Monday, February 2, 2015

Reputation - #MondayBlogs

The Yiddish term for a person who enjoys gossiping about others is Lashon Hora – it doesn’t matter if the gossip is true or false, if it will do harm to the person (humiliation, career, physical, etc.) then it is considered morally wrong. Legal terminology for false defamation of character is slander (spoken) or libel (written).

In our secular world you can get away with talking “trash” so long as you have the facts to back it up, but why would you? Why would a person go out of their way to cause emotional harm, or worse, to another? Perhaps it was anger that made someone expose “secrets” either true or false; what else would they do out of anger? Gossip, trash talk, lashon hora hurts the target just as a fist would, so how can we excuse that behavior when we know how wrong it is?

Perhaps I am being too lenient when I say there MAY be legitimate reasons why a person would utter harmful words just as we can sometimes excuse the person who strikes another in genuine self-defense. Remember though that the legal definition of self-defense includes the key words “the use of reasonable force to protect”. Defending yourself from a vicious verbal assault or an untrue accusation may mean sharing information about someone else even though that might harm their reputation. Again it is the use of a REASONABLE counter attack that might be justified (in my opinion).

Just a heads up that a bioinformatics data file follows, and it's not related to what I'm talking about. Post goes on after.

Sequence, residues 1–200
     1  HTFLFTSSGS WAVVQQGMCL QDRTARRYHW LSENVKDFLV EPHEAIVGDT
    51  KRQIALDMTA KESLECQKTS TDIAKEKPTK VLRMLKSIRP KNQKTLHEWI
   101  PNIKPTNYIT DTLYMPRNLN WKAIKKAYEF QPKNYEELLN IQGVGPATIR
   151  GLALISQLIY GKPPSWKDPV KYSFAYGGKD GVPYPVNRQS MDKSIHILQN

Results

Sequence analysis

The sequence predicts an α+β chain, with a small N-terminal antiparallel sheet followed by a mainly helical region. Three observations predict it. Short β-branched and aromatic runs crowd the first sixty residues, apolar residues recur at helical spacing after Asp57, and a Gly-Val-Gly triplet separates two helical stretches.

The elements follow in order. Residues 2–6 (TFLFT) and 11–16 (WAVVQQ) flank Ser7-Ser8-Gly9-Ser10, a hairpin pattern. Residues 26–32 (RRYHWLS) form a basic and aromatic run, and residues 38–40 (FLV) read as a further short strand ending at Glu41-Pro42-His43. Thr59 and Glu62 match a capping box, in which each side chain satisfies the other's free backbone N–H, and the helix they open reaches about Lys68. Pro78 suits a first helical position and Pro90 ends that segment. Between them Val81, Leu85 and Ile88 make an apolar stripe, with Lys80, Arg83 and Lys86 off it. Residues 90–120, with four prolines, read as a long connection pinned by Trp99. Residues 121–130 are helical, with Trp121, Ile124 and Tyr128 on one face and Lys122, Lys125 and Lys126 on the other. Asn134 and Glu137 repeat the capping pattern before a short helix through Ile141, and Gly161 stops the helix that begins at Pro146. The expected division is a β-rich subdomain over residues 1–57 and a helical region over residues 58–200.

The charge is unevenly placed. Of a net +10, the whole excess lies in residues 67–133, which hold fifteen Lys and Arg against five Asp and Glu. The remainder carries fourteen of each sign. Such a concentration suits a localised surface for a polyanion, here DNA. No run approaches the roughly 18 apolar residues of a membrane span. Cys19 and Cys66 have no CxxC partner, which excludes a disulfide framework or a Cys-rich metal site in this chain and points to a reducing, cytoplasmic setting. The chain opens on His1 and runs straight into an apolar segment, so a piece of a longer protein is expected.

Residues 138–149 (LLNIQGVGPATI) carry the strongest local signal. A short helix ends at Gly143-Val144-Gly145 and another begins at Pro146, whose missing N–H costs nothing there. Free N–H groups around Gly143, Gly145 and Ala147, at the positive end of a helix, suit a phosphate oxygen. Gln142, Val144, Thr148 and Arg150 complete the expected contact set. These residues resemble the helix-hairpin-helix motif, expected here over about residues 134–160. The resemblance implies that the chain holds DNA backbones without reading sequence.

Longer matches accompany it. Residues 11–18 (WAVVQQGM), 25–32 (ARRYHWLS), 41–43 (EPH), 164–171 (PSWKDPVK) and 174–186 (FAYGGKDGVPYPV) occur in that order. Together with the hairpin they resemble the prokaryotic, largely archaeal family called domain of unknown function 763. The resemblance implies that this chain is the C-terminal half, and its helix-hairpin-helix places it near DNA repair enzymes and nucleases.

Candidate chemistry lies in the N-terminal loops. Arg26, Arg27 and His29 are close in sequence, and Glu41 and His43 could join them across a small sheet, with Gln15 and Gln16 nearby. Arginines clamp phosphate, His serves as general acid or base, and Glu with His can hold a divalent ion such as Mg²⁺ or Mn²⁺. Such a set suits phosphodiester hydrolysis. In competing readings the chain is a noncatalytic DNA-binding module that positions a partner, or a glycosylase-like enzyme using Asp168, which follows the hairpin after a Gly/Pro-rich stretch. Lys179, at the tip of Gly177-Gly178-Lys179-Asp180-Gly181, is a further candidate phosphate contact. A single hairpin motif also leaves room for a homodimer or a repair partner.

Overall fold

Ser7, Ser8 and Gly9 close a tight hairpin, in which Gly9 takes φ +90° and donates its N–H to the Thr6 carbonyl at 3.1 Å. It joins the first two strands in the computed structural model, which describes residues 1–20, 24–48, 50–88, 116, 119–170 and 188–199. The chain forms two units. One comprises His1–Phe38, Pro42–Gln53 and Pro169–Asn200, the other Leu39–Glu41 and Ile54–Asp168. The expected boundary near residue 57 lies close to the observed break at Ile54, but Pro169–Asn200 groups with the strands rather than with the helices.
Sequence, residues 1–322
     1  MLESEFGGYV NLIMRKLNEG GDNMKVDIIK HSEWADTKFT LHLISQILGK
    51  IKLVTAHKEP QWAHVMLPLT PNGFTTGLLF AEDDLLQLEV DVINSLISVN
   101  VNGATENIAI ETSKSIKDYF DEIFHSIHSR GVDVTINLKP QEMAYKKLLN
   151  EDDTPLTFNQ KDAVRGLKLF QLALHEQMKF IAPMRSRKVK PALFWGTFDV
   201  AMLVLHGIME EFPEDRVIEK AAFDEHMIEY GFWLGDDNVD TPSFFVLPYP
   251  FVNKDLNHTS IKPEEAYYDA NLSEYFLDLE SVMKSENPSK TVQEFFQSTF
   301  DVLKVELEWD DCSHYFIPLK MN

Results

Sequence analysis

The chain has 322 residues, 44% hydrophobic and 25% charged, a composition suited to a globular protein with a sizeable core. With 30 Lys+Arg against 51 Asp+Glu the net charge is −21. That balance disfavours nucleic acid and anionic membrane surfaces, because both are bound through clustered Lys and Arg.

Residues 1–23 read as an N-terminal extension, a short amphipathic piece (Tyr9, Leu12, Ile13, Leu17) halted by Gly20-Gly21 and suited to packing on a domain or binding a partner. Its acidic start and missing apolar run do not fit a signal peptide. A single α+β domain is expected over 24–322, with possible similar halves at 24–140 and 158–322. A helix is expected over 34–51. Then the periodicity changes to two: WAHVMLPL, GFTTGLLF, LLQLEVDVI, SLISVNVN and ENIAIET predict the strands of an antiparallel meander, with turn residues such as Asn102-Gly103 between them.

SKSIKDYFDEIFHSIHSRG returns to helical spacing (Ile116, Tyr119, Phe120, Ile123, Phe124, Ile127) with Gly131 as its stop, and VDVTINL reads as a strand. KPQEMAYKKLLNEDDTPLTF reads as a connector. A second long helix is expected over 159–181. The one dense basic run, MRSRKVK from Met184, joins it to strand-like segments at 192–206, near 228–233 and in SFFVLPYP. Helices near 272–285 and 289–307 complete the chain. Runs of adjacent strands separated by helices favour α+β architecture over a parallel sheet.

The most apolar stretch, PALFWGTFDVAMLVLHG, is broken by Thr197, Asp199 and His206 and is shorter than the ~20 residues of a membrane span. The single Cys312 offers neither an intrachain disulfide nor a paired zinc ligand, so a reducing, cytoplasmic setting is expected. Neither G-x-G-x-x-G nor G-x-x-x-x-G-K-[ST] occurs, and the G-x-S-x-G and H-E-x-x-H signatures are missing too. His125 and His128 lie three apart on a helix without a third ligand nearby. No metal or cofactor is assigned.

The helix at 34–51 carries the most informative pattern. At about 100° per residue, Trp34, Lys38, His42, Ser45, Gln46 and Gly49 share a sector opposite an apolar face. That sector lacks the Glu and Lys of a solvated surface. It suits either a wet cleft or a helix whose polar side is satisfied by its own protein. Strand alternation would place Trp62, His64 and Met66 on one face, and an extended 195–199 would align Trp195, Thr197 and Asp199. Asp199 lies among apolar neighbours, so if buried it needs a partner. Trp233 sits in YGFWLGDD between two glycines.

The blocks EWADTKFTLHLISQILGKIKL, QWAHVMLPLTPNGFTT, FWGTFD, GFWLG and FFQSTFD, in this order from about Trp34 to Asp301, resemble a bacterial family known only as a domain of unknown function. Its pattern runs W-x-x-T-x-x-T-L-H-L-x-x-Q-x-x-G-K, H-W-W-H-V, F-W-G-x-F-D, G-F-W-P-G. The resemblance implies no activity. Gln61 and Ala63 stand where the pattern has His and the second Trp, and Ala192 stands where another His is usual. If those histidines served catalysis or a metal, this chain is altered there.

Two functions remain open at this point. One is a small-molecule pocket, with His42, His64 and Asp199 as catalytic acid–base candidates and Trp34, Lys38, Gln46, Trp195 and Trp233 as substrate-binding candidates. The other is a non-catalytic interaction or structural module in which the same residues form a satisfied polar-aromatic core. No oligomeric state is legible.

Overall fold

We all gossip, even those who are staunchly against all forms of lashon hora, it’s human to say once in a while, “hey did you hear about…”; the difference is the motivation, the intensity and the veracity. There is no excuse for telling falsehoods about innocents. Most of us talk about the people we know and the things we hear as normal chit-chat among friends. Unfortunately too many people are not aware of overheard conversations in public areas and the unintentional damage that can cause. It’s also too easy, like the game of telephone, when that news we share gets translated and twisted, even if accidentally, until it becomes an untruth.

The next time you talk about someone else think of your motivations, the “ears” around you, and certainly think about any potential harm your words may cause – and then think about keeping those words to yourself.

"Sticks and stones may break my bones,
but names will never hurt me"

It just ain’t so!

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